The Yale Grammatical Diversity Project: Morphosyntactic Variation in North American English
Raffaella Zanuttini , Jim Wood, Jason Zentz, Laurence Horn
December 2016

The Yale Grammatical Diversity Project approaches the empirical domain of North American English from the perspective of generative microcomparative syntax. In addition to eliciting judgments from speakers of particular varieties, we also conduct large-scale surveys, map the results of those surveys geographically, conduct statistical tests taking geography and other social variables into account, and look for theoretically significant linguistic correlations. In all cases, we do this with the primary goal of understanding variation between speakers at the individual level. While our goals and methodologies are informed by our theoretical perspective, we expect that our work and results will be of interest to linguists working in other frameworks and even to the public more generally. This article outlines the goals and methodologies of the project and describes in broad strokes some of the results obtained so far, as well as some of the ways we have shared our findings with others, inside and outside academia.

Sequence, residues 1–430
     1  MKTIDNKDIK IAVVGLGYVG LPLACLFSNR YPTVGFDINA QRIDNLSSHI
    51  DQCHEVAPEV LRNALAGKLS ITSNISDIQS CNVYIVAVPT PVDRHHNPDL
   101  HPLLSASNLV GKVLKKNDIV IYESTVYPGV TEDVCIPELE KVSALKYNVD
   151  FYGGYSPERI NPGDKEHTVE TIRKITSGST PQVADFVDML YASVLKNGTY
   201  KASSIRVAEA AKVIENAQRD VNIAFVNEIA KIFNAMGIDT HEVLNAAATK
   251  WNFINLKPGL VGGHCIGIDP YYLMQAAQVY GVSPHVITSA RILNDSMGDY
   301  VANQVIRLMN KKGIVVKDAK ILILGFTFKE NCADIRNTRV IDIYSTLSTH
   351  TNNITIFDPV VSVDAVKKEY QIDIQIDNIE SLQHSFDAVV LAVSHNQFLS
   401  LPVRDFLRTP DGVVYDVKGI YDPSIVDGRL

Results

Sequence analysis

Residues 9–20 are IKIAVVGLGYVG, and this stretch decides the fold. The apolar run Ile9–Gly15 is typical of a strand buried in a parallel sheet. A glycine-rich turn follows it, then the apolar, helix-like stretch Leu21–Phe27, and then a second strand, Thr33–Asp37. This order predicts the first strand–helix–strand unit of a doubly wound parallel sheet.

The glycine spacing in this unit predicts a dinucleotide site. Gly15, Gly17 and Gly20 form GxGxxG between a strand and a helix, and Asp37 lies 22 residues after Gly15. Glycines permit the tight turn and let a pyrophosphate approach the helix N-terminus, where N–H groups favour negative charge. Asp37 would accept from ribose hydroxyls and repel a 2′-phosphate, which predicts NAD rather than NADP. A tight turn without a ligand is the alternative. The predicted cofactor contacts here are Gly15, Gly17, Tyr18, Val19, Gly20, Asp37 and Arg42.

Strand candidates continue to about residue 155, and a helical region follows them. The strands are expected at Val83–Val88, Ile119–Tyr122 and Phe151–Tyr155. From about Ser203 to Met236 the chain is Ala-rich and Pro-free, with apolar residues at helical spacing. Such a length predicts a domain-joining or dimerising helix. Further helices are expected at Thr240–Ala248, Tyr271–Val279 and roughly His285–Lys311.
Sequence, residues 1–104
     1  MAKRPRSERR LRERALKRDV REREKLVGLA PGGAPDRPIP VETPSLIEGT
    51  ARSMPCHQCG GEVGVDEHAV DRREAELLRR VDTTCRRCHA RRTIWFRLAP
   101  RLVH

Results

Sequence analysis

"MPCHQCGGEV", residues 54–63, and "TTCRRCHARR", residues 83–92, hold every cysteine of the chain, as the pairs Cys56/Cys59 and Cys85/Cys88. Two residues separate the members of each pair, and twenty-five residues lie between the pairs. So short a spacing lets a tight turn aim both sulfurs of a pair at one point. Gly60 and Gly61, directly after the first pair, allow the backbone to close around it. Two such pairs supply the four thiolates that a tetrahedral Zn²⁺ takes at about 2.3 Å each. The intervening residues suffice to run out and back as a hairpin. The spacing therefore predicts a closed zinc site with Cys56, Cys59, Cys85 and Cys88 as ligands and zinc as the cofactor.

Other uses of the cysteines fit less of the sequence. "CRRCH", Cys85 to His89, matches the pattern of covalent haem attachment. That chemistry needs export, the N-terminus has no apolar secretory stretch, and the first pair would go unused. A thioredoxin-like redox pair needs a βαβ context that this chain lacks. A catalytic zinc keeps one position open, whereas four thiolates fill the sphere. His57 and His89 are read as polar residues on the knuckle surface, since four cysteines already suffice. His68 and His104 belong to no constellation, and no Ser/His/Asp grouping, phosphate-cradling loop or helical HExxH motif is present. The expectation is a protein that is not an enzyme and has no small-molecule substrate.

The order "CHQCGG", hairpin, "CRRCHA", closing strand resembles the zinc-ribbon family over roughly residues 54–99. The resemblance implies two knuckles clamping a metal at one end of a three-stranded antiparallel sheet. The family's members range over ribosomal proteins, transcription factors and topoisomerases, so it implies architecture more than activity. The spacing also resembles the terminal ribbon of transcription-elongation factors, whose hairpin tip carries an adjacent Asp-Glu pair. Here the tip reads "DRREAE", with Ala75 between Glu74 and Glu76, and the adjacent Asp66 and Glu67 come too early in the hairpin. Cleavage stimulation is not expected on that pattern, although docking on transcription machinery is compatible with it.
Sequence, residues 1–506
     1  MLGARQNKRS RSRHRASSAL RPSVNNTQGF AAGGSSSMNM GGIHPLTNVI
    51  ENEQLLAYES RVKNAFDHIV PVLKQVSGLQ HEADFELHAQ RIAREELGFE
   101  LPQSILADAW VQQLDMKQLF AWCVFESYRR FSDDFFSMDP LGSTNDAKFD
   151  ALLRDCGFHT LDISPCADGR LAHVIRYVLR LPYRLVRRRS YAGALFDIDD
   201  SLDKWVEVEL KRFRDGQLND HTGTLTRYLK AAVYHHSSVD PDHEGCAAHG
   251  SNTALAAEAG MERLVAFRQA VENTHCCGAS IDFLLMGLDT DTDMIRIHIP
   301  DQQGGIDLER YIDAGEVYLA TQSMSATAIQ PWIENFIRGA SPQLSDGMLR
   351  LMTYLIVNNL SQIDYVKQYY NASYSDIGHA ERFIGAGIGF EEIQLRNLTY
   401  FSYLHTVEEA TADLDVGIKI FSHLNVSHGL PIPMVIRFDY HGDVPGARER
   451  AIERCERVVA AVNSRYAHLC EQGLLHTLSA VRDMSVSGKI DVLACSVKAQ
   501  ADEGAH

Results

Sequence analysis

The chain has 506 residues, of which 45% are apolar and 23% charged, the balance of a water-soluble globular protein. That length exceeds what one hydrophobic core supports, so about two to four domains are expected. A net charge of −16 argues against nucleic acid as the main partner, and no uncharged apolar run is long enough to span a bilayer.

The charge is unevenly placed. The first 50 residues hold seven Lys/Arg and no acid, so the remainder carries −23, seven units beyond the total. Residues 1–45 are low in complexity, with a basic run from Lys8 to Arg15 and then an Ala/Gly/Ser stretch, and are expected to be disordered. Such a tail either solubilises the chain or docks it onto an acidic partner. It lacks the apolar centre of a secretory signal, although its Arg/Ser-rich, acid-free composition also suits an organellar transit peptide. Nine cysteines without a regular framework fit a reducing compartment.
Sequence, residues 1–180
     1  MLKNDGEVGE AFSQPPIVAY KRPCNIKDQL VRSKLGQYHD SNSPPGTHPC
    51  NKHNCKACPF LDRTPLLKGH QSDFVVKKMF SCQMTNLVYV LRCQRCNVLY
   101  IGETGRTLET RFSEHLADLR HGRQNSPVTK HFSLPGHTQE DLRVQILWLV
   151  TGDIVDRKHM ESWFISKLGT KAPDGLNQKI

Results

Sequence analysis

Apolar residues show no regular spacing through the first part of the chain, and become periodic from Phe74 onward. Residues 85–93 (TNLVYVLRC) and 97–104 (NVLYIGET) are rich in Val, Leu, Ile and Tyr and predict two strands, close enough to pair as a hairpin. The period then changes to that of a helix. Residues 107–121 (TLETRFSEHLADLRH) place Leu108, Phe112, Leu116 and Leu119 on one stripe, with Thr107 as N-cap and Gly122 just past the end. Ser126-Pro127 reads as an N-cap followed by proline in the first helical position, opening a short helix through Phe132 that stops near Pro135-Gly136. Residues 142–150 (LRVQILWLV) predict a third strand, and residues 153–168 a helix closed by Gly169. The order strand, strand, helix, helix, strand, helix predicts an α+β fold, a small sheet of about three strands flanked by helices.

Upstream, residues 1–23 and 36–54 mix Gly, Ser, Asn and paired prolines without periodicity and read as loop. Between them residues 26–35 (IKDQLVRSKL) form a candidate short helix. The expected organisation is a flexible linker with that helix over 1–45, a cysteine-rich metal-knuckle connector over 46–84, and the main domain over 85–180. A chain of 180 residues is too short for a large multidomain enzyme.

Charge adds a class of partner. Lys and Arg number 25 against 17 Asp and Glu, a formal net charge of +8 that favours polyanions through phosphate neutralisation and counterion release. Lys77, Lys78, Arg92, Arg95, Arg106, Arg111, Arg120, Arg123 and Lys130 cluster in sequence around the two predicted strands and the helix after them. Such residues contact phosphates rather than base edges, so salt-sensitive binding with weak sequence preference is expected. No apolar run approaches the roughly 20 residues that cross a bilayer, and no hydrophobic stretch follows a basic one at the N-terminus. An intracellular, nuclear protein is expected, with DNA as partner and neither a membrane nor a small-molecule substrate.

Format: [ pdf ]
Reference: lingbuzz/004068
(please use that when you cite this article)
Published in: Linguistics Vanguard 4.1, 2018
keywords: comparative syntax; microsyntactic variation; survey methodology; geospatial analysis, syntax
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